MITx is driving important conversations about how we can improve residential education, and at the same time reach more learners across the world. Here there is a real opportunity for faculty to join the conversation. Everyone recognizes the promise and potential of lifelong learning, but how do we match our aspiration to provide broad access to education with the resources required to do so? How can new digital tools benefit our residential educational system? Is there an opportunity to rethink the structure of our programs, for example, by making them more modular, and if so, what does modularity really mean? In short, we need to continue developing the business case for online education and find the right fit with our residential system.

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Campus Planning and Capital Renewal

A second issue that has topped the faculty governance agenda is campus planning. Here again, I think a lot of progress has been made. The new faculty Committee on Campus Planning was stood up this past fall, and despite an inherently steep curve in getting up to speed, they have done important work in informing themselves about the many capital projects in progress and planned throughout the campus, and the issues raised by those projects. The members of the committee also serve on other standing and ad hoc committees, such as the Building Committee and the West Campus Study Steering Committee. Their role is to serve as a point of contact for anyone with questions or concerns and to ensure that faculty perspectives are heard before decisions are made. The committee has taken this charge very seriously and has been actively reaching out to hear from stakeholders.

On a related point, I think many faculty will agree that there has been significant progress in addressing capital renewal needs. MIT has for many years deferred maintenance on its buildings, and the results are apparent to anyone walking through campus. In the last few years, the administration has formulated a plan for reducing the levels of deferred maintenance, and has allocated significant resources for the repair and renewal of our physical plant. By next year, MIT will have completed the renovation and renewal of Building E52 (Economics) and Building 2 (Mathematics), as well as the landmark Kresge Auditorium and MIT Chapel. The renovation of Building 2 is especially significant, as it marks the beginning of the renovation of MIT’s Main Group, the historic buildings built 100 years ago when MIT moved from Boston to Cambridge.

In the longer term, work on the MIT.nano building has begun with the demolition of Building 12. Less visible are the numerous upgrades to the utilities infrastructure that will support MIT.nano and the rest of the MIT campus. MIT also has ambitious plans for the renewal of the East Campus area and Kendall Square, and for new dormitory space for both undergraduate and graduate students. There will certainly be many changes to campus during the term of the next Chair of the Faculty, and no doubt some disruption due to construction as well.

Student Life Issues

If there is one issue on my list that would benefit from greater faculty involvement, residential culture would be it. From sexual misconduct to mental health to housing policy, student life has been an increasingly visible topic of conversation on campus.

MIT’s unique residential culture forces us to make daily choices in how we manage competing values. For example, how do we balance autonomy of living groups with the need for discipline and safety? What is the right balance between making our residences welcoming and inclusive versus encouraging and allowing freedom of expression? Between individual choice and diversity? The debate around these issues is sometimes framed as issues of communication and transparency. I would argue that the central points of disagreement among students, faculty, and the administration are not around communication and process, but around values, and the choices that those values imply. To take one small example, in the last two years, MIT has substantially increased security in the dorms. As a housemaster, I no longer find people who don’t belong in Simmons Hall wandering its corridors, and I believe that our students are safer as a result. On the other hand, students miss the ability to spontaneously visit a friend in another dorm without signing in. No one is opposed to safety and security, or freedom and spontaneity, but people naturally may place higher emphasis on one or the other. If we as faculty think that the magic of MIT is partly about learning outside the classroom, then we should all be concerned with the experience of students in our residences, and there is an opportunity for the faculty to help define that experience through shared principles and values.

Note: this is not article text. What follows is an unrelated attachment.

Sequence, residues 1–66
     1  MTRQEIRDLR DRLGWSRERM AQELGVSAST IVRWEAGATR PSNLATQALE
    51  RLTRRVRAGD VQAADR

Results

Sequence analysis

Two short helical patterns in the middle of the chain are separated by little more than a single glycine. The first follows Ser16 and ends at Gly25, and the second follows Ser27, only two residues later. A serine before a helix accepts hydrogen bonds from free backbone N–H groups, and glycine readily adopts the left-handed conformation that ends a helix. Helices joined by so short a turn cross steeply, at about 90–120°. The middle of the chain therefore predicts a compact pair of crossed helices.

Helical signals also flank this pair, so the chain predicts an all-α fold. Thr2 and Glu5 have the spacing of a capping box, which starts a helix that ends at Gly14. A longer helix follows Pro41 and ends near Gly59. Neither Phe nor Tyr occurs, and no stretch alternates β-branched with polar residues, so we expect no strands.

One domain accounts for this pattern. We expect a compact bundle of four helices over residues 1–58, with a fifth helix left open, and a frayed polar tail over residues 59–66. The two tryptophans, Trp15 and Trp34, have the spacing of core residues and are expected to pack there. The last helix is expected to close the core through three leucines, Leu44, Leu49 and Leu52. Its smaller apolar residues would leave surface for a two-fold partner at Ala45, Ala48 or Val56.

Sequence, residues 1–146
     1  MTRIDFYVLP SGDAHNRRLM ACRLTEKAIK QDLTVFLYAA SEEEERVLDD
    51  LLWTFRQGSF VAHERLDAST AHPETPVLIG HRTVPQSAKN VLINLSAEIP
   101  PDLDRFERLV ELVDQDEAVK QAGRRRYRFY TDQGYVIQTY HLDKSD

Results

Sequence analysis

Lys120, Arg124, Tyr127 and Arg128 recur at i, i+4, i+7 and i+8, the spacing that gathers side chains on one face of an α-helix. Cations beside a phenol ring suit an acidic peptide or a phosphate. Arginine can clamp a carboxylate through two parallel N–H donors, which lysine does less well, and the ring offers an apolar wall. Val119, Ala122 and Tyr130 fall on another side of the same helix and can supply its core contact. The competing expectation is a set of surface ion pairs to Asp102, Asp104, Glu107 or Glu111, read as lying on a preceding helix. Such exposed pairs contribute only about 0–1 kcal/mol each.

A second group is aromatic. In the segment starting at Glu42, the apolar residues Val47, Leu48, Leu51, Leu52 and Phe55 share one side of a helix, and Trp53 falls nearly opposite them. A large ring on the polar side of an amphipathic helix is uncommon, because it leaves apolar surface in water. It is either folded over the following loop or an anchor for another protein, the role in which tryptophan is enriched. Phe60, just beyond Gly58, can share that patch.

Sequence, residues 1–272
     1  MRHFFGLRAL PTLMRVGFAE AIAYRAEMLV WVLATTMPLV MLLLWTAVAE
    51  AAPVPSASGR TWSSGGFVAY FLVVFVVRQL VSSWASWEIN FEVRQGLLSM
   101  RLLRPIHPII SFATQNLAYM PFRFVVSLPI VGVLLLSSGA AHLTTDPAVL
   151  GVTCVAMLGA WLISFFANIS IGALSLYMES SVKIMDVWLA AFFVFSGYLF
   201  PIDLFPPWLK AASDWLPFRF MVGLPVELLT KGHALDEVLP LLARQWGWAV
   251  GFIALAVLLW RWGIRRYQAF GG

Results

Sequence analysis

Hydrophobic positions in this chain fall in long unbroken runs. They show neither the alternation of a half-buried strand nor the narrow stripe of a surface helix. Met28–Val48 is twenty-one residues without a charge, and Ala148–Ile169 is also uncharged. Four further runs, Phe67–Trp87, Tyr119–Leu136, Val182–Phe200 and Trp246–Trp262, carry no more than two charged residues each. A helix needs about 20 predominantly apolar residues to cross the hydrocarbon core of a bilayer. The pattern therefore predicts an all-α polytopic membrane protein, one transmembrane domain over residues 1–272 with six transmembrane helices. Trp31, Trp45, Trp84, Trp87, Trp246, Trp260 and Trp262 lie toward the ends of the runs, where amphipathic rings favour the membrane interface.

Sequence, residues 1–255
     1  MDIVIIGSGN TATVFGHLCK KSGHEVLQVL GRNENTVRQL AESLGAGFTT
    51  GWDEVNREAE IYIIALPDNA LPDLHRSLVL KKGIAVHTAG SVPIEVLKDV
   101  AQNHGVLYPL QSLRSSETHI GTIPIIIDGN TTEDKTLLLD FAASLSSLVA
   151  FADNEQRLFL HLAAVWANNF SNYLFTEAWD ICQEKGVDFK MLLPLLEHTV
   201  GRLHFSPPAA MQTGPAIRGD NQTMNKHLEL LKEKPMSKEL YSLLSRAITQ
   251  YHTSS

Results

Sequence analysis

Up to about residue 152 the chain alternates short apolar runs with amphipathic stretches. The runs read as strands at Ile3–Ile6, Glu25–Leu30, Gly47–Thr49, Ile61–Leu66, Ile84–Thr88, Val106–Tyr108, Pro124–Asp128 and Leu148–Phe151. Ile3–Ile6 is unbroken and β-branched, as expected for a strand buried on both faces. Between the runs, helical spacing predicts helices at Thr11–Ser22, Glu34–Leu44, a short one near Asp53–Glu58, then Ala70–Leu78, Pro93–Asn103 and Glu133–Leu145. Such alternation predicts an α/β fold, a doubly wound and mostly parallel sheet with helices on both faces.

On all these issues (online learning, campus planning, student life), it is difficult to imagine that conversations could be managed by the administration or the Corporation alone. All three are fundamental to the academic mission of MIT and will require the serious participation of faculty and students.


In closing, I would like to wish my successor, Professor Krishna Rajagopal of Physics, all the best for the next two years. I would also like to offer my deepest thanks to my fellow officers, Associate Chair John Belcher and Secretary JoAnne Yates, and also to Lynsey Fitzpatrick, the Faculty Governance Administrator. Most of the work of faculty governance is done through faculty committees, and I’ve been especially fortunate to have had an extraordinarily good set of faculty chairs. Nearly every person I’ve asked to join or chair a committee has agreed to do so, and I’ve been enormously grateful to work with a faculty that cares so deeply about governance issues.